President Barack Obama's transgender bathroom directive is on hold -- for now.
In May, the president issued a new directive instructing public schools to allow transgender students to use the bathroom that corresponds to their preferred gender, or make all bathrooms available to all students.
About a dozen states sued the federal government in response, arguing that the plan turns schools "into laboratories for a massive social experiment," reports NPR.
On Aug. 22, a federal court in Texas put Obama's plan on hold, blocking federal officials from enforcing the directive until the lawsuits are settled in court, reports The Associated Press.
The plaintiffs -- including the states of Texas, Georgia, Louisiana, Utah and Wyoming, among others -- argued that Obama's directive is "coercive" because of the way it's tied in to Title IX, the federal law that banning sex discrimination in public schools.
U.S. District Judge Reed O'Connor agreed with the states, calling the directive "compulsory in nature" because of the implicit threat that school districts could lose their federal funding if they don't go along with Obama's order. Many school districts depend on federal funds to help bridge budget gaps and keep student programming intact.
Arguing that the definition of "sex" in Title IX "meant the biological and anatomical differences between male and female students as determined at their birth," O'Connor said the president sough to establish a "radical re-authoring" of the term, NPR reported.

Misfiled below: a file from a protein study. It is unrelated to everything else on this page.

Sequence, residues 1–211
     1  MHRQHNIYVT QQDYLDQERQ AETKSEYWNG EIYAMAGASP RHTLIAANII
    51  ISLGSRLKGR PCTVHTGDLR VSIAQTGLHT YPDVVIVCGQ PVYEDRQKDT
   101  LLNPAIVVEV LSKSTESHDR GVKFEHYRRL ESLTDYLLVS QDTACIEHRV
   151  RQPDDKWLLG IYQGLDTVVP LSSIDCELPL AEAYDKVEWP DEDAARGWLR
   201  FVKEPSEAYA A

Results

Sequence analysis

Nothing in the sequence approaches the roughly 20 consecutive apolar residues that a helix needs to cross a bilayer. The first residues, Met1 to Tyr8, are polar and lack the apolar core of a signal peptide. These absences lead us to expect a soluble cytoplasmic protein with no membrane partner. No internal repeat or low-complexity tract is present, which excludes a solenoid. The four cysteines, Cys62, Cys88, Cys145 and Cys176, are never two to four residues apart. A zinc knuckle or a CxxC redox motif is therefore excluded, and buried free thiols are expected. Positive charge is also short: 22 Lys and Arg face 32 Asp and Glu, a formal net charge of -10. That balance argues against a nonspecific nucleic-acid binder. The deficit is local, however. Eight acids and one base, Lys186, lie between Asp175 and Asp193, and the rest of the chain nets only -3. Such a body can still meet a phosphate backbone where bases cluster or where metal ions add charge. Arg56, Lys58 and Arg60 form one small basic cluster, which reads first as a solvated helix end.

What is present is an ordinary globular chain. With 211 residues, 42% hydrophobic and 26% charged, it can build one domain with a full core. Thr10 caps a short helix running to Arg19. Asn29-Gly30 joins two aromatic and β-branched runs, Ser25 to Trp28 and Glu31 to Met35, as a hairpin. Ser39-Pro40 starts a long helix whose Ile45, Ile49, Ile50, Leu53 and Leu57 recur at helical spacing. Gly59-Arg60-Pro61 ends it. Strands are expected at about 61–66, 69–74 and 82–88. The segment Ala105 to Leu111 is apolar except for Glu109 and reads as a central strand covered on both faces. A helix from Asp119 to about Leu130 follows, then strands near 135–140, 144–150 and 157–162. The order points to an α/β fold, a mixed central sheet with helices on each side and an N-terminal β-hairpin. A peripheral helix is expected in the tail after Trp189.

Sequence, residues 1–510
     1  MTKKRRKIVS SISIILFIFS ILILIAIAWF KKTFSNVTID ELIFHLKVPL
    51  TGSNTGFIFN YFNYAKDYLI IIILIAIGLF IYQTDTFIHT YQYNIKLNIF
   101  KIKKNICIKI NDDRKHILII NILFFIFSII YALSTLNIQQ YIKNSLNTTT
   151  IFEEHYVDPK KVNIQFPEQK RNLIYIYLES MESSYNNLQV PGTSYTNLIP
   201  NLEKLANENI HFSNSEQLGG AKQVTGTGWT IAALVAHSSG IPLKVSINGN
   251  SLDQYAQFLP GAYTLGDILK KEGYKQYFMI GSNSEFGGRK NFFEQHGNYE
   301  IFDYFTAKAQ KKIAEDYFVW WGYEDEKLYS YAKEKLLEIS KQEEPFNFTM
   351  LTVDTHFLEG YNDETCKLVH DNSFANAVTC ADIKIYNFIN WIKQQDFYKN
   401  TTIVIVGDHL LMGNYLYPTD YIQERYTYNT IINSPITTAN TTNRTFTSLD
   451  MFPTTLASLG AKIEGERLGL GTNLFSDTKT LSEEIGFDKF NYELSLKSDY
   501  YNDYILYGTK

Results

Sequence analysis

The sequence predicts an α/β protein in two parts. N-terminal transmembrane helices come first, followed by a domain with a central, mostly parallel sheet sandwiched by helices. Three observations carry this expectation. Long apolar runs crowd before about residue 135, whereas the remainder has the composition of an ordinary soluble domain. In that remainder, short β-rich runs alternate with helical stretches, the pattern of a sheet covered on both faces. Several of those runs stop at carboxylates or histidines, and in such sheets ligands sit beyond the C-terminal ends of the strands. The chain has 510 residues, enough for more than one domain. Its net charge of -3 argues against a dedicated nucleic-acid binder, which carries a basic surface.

In his 38-page ruling, the judge also questioned whether the federal government can create such a directive. Obama's directive, O'Connor wrote, puts school districts “in the position of either maintaining their current policies in the face of the federal government’s view that they are violating the law, or changing them to comply with the guidelines and cede their authority over this issue," The New York Times reported.
Plaintiffs and others who opposed Obama's directive praised the judge's decision.
“We are pleased that the court ruled against the Obama administration’s latest illegal federal overreach,” Texas Attorney General Ken Paxton wrote in a statement. “This president is attempting to rewrite the laws enacted by the elected representatives of the people, and is threatening to take away federal funding from schools to force them to conform.”
But the battle over bathrooms in public schools isn't over, a coalition of civil rights groups said. That group includes the ACLU, Lambda Legal and the National Center for Transgender rights, among others.
“A ruling by a single judge in one circuit," they wrote, "cannot and does not undo the years of clear legal precedent nationwide establishing that transgender students have the right to go to school without being singled out for discrimination."